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 First Program in JAVA: Printing a Line of Text  Modifying our First Java Program  Escape Sequences  Displaying Text with printf  Data types in JAVA.

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Presentation on theme: " First Program in JAVA: Printing a Line of Text  Modifying our First Java Program  Escape Sequences  Displaying Text with printf  Data types in JAVA."— Presentation transcript:

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2  First Program in JAVA: Printing a Line of Text  Modifying our First Java Program  Escape Sequences  Displaying Text with printf  Data types in JAVA  Another Application: Adding Integers  Programs  Memory Concepts  Arithmetic  Decision Making: Equality and Relational Operators  Precedence and Associativity of Operators  Exercises Questions  Programs

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4  // Program Name: Welcome.java  // This Program prints line of text  // indicates that the line is a comment. Used to document programs and improve their readability.  Compiler ignores comments. So they do not cause the computer to perform any action when the program is run.  A comment that begins with // is an end-of-line comment—it terminates at the end of the line on which it appears.  Traditional comment, can be spread over several lines as in  /* This is a traditional comment. It can be split over multiple lines */  This type of comment begins with /* and ends with */.  All text between the delimiters is ignored by the compiler. Comments:

5  public class Welcome  Every Java program consists of at least one class that you define.  class keyword introduces a class declaration and is immediately followed by the class name. Welcome is a java identifier that specifies the name of the class to be defined.  Keywords are reserved for use by Java and are always spelled with all lowercase letters.  By convention, class names begin with a capital letter and capitalize the first letter of each word they include for example: AdditionTwoNos Class declaration: Opening brace:  Every class definition in Java begins with an opening brace { and ends with a matching closing brace }, appearing in the last line in the above program.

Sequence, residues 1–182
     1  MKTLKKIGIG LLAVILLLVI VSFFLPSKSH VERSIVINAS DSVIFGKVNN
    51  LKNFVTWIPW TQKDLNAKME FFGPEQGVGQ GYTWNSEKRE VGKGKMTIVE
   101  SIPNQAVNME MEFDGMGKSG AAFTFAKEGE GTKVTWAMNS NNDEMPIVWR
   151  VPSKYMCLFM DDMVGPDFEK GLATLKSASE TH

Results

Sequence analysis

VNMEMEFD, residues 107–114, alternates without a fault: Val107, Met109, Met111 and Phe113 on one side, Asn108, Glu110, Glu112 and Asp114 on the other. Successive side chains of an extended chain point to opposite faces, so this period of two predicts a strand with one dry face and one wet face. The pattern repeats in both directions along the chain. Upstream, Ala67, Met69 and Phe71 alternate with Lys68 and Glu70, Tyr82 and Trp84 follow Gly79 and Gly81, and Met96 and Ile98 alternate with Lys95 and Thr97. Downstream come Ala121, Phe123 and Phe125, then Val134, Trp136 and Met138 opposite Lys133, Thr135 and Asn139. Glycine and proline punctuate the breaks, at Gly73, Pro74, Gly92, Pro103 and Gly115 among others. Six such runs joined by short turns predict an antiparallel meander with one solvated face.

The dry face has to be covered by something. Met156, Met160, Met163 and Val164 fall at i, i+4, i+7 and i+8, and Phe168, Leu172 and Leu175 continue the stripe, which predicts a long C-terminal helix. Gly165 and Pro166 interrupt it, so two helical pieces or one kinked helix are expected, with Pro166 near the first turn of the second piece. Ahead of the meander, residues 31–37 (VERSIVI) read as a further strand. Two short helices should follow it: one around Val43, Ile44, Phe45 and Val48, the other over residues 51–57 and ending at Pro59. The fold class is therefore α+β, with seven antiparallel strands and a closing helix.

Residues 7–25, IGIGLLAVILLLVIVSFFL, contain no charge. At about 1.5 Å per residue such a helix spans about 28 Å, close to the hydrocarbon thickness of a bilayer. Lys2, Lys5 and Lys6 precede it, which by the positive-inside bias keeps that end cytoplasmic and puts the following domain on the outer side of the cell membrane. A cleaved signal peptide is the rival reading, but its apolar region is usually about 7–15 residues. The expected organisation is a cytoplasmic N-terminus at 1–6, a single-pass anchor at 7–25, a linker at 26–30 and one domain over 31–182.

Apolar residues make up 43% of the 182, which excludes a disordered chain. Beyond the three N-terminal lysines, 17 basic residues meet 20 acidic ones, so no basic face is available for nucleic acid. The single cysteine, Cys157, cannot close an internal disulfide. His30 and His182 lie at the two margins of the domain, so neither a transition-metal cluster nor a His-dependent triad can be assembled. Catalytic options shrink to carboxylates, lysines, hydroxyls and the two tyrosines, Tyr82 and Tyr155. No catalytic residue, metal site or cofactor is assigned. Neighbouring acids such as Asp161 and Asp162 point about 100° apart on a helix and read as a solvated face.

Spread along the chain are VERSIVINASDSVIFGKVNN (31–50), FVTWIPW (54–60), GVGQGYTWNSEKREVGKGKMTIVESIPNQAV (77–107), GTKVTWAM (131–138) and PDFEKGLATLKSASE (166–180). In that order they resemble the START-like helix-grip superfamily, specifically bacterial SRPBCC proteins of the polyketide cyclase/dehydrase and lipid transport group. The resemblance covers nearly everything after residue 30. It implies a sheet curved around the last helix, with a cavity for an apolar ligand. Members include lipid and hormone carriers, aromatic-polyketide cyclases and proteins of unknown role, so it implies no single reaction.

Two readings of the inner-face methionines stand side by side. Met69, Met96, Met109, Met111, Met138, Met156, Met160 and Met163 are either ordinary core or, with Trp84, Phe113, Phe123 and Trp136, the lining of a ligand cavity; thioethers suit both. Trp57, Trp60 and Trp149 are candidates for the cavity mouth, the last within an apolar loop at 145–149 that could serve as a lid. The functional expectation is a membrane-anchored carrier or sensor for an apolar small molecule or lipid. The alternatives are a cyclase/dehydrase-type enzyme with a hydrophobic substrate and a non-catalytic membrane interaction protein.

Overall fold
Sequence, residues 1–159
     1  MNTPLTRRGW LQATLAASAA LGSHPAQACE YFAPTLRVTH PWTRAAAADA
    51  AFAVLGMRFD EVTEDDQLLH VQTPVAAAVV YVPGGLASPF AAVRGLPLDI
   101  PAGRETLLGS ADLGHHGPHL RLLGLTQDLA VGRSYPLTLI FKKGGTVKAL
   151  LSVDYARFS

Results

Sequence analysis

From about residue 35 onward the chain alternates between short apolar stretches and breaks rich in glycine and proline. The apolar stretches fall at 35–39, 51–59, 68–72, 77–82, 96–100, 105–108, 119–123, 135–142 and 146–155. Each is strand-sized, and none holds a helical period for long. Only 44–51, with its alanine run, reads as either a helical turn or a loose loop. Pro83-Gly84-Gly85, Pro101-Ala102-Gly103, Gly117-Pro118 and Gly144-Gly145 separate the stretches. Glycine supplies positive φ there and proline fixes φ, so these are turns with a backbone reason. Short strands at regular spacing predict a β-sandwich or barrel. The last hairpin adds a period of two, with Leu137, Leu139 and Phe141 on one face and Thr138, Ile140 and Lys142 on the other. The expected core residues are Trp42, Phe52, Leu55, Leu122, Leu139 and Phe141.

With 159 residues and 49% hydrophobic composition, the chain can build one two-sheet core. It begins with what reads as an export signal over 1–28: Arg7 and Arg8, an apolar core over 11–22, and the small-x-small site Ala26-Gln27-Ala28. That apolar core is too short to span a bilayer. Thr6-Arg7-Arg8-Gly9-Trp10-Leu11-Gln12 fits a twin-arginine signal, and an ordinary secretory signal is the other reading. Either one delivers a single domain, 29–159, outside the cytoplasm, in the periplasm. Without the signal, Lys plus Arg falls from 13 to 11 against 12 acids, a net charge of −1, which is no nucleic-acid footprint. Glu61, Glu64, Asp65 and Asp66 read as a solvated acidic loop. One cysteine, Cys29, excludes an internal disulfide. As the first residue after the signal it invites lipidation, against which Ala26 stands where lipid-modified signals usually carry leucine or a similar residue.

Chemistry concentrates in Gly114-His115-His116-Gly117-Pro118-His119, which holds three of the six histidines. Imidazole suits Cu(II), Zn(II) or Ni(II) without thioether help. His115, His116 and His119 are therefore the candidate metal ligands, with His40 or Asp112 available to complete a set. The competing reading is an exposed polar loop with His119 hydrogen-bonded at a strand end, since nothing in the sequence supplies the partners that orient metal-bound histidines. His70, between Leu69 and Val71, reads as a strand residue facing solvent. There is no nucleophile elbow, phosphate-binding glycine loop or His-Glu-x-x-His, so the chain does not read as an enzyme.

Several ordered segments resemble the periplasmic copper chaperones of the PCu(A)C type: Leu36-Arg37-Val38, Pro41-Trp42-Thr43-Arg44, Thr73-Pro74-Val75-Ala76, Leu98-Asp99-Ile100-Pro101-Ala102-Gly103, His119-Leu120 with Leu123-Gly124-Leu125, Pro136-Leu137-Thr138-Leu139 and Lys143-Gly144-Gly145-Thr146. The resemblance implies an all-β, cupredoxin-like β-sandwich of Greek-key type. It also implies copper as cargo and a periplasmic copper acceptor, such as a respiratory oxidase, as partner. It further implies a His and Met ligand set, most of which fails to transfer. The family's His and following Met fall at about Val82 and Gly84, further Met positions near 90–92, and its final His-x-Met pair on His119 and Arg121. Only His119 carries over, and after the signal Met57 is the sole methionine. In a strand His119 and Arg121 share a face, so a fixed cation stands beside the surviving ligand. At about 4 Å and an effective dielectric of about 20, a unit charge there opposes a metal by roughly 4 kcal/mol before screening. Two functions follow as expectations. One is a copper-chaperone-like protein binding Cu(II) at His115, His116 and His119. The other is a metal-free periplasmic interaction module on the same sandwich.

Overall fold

6  public static void main(String[] args) - is the starting point of every Java application. All parameters are declared inside a pair of parentheses. Defines a method named main. Conceptually, this is similar to the main() function in C.  A Java application can have any number of classes but only one of them must include a main method to initiate the execution. otherwise, the JVM will not execute the application.  Methods perform tasks and can return information when they complete their tasks.  This line contains a number of keywords - public, static and void Method defining: publicThe keyword public is an access specifier that declares the main method as unprotected and therefore making it accessible to all other classes staticWhich declares this method as one that belongs to entire class and not a part of any objects of the class. The main must always be declared as static since the interpreter uses this method before any objects are created. More about the static variables and methods will be discussed later. voidVoid is an modifier that states the main method does not return any value.

7  Enclosed in left and right braces. All methods in java should be enclosed with open brace { and ending brace }. Body of the method declaration:  System.out.println("Welcome to Java Programming!");  Instructs the computer to perform an action to print the string of characters contained between the double quotation marks..  System.out: Standard output object.  Allows Java applications to display strings in the command window from which the Java application executes.  System.out.println : Displays (or prints) a line of text in the command window. The string in the parentheses the argument to the method. Positions the output cursor at the beginning of the next line in the command window.  The statements in java should end with semicolon (;). Statement:

8  Open a command window and change to the directory where the program is stored.  Many operating systems use the command cd to change directories.  To compile the program, type javac Welcome.java  If the program contains no syntax errors, preceding command creates a.class file (known as the class file) containing the platform-independent Java bytecodes that represent the application.  When we use the java command to execute the application on a given platform, these bytecodes will be translated by the JVM into instructions that are understood by the underlying operating system.  The figure as shown Compiling and Executing Your First Java Application :

9 javac is the command which complies the java file. If program has the errors it displays the errors with lines numbers and error description. If there are no errors it will display the prompt.

10  To execute the program, type java Welcome.  Launches the JVM, which loads the.class file for class Welcome.  Note that the.class file-name extension is omitted from the preceding command; otherwise, the JVM will not execute the program.  The JVM calls method main to execute the program. Compiling and Executing Your First Java Application : Output: java with the class file name which executes the program displays the result.